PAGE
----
The nature of the song’s construction wouldn’t matter too much if the lyrics grabbed us in the way that Bob has done so often in his writing career but there really is nothing here to make us care, because Bob doesn’t care…

The evening winds are still
I’ve lost the way and will
Can’t tell you where they went
I just know what they meant
I’m always on my guard
Admitting life is hard
Without you near me

And indeed after that first verse there’s nothing in the accompaniment, the melody or the lyrics to keep us coming back.  So there is nothing more to say.  As the cover version above shows us, it can be turned into an interesting piece, but I am not sure this takes us to any new ground, which in the past has been Bob’s hallmark.

The friend you used to be
So near and dear to me
You slipped so far away
Where did we go a-stray
I pass the old schoolyard
Admitting life is hard
Without you near me

So Bob has told us , now we know.  There are no arresting images, no interesting instrumentation, no uncertainties to keep us guessing.

And that was it until through 2008/9 Bob wrote and co-wrote a series of songs starting with “This dream of you” in which we can find perhaps the influence of Doc Pomus who wrote, and a continuation of Bob’s negative themes.

How long can I stay in this nowhere café
‘fore night turns into day
I wonder why I’m so frightened of dawn
All I have and all I know
Is this dream of you
Which keeps me living on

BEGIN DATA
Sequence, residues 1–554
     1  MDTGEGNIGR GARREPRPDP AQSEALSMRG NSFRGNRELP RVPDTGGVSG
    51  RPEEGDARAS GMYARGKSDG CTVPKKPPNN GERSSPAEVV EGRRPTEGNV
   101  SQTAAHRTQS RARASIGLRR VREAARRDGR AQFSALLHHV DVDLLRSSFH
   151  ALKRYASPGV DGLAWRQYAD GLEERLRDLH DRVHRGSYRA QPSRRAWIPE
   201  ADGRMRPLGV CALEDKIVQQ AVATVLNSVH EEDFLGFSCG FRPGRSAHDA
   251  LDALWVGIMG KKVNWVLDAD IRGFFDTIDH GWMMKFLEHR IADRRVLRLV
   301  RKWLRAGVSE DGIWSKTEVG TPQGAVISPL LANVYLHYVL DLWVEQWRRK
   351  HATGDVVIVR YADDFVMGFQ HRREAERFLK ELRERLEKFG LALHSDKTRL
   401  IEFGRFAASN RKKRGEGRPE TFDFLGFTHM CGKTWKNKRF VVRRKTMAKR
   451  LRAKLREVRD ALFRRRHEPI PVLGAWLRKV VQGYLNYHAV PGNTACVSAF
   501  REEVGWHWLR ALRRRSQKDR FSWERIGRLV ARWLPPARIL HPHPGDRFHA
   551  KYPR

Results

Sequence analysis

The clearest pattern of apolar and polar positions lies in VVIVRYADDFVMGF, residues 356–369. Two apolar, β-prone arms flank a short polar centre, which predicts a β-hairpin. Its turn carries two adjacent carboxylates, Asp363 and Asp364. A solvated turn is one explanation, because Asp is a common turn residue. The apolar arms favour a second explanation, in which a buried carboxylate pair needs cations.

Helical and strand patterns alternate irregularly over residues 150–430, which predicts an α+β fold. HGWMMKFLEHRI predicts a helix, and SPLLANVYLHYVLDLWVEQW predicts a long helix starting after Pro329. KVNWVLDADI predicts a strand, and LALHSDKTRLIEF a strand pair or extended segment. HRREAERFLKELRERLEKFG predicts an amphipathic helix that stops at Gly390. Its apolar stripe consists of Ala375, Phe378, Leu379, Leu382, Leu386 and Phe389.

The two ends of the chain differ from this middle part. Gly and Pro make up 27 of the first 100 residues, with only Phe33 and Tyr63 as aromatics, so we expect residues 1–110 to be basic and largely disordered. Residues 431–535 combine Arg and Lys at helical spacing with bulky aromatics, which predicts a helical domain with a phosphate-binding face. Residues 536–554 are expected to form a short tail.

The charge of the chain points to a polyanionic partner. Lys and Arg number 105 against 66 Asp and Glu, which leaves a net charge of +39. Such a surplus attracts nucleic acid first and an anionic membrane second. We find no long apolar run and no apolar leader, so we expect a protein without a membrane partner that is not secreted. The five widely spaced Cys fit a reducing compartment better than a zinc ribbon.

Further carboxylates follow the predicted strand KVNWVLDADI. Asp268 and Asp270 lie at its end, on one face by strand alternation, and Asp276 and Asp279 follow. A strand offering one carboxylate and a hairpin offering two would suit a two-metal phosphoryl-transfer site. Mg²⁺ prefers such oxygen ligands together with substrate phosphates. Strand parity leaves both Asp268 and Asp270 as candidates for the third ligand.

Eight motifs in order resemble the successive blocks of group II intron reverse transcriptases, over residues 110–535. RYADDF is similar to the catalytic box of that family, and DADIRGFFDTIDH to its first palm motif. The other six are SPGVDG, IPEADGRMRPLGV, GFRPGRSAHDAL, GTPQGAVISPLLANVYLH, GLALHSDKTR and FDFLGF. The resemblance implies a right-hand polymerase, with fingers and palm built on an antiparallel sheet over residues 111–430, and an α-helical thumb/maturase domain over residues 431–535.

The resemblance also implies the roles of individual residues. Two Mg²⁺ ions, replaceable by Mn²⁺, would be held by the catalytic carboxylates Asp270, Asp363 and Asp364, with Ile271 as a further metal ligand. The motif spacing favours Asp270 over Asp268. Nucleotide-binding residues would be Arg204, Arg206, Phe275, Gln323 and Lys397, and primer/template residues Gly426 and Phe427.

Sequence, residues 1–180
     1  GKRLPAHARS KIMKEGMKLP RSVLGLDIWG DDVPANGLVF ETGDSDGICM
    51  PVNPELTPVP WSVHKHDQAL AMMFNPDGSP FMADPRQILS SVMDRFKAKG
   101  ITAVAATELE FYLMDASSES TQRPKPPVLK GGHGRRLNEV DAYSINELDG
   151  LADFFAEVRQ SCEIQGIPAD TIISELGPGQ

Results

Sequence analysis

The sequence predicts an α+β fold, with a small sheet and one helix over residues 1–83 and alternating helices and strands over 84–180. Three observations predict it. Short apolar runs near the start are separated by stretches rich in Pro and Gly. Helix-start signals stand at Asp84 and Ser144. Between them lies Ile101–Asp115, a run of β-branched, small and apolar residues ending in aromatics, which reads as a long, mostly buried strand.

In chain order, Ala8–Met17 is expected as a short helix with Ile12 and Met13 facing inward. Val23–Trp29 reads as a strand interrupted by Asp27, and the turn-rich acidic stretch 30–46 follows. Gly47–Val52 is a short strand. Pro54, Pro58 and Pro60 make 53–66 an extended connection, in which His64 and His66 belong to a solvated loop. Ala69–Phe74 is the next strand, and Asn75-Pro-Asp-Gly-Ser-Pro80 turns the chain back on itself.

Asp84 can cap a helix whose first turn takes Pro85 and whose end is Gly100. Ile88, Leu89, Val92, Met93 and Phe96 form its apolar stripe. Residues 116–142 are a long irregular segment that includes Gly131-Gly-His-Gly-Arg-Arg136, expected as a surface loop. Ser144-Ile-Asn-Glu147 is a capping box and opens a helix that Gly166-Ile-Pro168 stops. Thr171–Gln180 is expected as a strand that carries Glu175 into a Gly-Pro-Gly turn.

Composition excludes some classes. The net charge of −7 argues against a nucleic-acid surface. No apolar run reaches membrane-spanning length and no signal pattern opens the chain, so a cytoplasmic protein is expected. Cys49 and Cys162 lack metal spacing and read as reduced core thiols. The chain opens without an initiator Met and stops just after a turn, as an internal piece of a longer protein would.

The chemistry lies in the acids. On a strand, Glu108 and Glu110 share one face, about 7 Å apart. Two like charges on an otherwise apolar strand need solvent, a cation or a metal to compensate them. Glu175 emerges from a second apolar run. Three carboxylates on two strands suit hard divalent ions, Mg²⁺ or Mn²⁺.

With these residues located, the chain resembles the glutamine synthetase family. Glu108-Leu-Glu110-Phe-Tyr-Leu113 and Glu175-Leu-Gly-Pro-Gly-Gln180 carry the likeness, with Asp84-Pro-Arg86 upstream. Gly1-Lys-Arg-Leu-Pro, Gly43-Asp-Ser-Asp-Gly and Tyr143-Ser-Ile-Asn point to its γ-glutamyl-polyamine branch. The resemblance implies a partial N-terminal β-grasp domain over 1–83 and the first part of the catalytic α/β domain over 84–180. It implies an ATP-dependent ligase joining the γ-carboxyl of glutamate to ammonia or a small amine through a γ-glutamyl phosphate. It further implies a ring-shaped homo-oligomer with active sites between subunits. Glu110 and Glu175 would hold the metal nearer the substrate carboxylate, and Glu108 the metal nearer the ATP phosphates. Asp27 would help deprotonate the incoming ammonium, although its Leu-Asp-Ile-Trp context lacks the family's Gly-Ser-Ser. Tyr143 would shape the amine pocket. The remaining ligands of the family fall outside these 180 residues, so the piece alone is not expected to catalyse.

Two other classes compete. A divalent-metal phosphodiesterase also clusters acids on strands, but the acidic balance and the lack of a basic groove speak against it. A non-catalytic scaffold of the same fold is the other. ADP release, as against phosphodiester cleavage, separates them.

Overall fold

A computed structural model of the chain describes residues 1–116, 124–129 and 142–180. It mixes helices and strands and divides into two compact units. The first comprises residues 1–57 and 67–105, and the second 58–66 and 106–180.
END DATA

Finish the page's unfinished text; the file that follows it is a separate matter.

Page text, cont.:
In an interview at the time Bob spoke of

“…those people stumbling around in the night out there, uncertain or not always so certain of exactly where they fit in and where they were headed…”

“It’s me who’s singing that, plain and simple. We shouldn’t confuse singers and performers with actors….

“The more you act the further you get away from the truth. And a lot of those singers lose who they are after a while. You sing, ‘I’m a lineman for the county,’ enough times and you start to scamper up poles.”

Thus the song is not about Dylan’s experiences, any more than Jimmy Webb was a Wichita Lineman or repeatedly needed to get to Phoenix.   But the brilliant songwriter makes the experiences and emotions of those who are in the song become part of his world through writing and singing the song.  We feel the isolation of the Wichita Lineman we feel the isolation of sitting all night in the nowhere café.

Thus he argues that the expression of the opening…

How long can I stay in this nowhere café
‘fore night turns into day
I wonder why I’m so frightened of dawn
All I have and all I know
Is this dream of you
Which keeps me living on

is not an expression of what happened to Dylan – it is a fictional story that becomes real for us, and indeed for him, through his performances.

This is the only song on “Together through Life” that was written wholly by Bob Dylan, and not with Robert Hunter.  The theme thus is regret of what is lost, the power of the memories of the past and the feeling of utter isolation.